Table of contents
About this book
What is the uniquely human factor in finding and using information to produce new knowledge? Is there an underlying aspect of our thinking that cannot be imitated by the AI-equipped machines that will increasingly dominate our lives? This book answers these questions, and tells us about our consciousness – its drive or intention in seeking information in the world around us, and how we are able to construct new knowledge from this information.
The book is divided into three parts, each with an introduction and a conclusion that relate the theories and models presented to the real-world experience of someone using a search engine. First, Part I defines the exceptionality of human consciousness and its need for new information and how, uniquely among all other species, we frame our interactions with the world. Part II then investigates the problem of finding our real information need during information searches, and how our exceptional ability to frame our interactions with the world blocks us from finding the information we really need. Lastly, Part III details the solution to this framing problem and its operational implications for search engine design for everyone whose objective is the production of new knowledge.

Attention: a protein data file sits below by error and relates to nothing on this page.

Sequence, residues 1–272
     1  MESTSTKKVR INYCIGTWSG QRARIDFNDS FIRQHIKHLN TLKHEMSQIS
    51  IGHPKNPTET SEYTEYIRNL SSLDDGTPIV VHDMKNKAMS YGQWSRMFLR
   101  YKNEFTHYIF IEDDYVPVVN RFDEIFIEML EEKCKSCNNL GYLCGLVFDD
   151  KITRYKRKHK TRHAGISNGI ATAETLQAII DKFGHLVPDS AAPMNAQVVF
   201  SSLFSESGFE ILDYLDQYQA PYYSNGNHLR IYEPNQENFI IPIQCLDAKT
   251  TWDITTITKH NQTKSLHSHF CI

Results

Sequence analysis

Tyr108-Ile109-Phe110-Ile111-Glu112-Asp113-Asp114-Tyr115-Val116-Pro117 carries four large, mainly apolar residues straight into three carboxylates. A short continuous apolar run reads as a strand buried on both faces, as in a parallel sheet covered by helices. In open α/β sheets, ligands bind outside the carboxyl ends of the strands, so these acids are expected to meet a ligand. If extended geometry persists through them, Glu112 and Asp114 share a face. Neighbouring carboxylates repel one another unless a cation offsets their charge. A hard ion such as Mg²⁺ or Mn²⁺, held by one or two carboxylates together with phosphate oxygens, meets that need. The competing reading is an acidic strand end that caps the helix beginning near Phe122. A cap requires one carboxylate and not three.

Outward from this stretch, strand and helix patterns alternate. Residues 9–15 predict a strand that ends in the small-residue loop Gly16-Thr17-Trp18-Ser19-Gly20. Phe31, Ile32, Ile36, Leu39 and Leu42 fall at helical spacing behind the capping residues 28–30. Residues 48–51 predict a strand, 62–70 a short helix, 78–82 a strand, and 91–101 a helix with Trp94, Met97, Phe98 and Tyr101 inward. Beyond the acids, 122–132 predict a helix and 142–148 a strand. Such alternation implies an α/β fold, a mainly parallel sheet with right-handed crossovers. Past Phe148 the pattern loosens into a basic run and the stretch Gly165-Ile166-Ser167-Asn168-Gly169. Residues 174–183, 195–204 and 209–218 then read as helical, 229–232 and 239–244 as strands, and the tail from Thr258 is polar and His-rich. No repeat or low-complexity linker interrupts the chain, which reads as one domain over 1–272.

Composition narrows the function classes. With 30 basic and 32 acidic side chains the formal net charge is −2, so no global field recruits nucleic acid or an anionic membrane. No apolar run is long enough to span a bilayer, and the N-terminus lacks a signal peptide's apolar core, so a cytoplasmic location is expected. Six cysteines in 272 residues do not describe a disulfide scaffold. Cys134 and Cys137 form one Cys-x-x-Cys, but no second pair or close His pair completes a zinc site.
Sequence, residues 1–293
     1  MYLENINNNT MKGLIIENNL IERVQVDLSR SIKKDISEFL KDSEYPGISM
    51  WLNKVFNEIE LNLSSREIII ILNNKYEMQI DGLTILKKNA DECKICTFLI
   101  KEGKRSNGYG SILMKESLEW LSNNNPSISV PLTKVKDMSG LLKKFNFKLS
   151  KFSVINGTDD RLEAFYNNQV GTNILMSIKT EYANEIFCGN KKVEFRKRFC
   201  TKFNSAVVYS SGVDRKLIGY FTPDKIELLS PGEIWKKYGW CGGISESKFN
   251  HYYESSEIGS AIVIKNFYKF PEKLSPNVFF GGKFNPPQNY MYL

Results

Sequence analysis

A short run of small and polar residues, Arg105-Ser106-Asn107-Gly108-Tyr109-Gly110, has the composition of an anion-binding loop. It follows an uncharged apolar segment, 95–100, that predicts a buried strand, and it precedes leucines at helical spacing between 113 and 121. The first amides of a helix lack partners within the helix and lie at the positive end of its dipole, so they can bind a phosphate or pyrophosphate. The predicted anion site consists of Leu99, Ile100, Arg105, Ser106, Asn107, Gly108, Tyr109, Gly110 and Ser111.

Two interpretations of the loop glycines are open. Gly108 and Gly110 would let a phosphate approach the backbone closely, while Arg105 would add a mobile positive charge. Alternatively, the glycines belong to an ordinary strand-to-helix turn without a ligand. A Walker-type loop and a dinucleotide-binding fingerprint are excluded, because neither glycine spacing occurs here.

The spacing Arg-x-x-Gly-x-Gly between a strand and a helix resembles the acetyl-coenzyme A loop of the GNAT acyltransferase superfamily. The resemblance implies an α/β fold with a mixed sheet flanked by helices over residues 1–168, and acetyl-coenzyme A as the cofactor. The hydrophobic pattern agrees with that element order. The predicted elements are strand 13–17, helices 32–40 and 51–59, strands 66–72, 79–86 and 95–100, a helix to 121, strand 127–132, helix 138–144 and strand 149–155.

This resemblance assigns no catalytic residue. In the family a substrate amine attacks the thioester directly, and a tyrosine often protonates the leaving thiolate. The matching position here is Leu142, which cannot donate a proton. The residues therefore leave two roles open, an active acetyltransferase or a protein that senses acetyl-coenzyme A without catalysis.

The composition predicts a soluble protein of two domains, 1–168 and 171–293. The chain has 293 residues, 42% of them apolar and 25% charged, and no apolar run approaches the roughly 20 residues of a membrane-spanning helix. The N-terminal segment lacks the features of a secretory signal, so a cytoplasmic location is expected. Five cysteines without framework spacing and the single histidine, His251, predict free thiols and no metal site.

In this book, Charles Cole deliberately writes in a conversational style for a broader readership, keeping references to research material to the bare minimum. Replicating the structure of a detective novel, he builds his arguments towards a climax at the end of the book. For our video-game, video-on-demand times, he has visualized the ideas that form the book’s thesis in over 90 original diagrams. And above all, he establishes a link between information need and knowledge production in evolutionary psychology, and thus bases his arguments in our origins as a species: how we humans naturally think, and how we naturally search for new information because our consciousness drives us to need it.
Information Science Information Search Library Science Cognitive Psychology Human-Computer Interaction Theory, Concepts and Models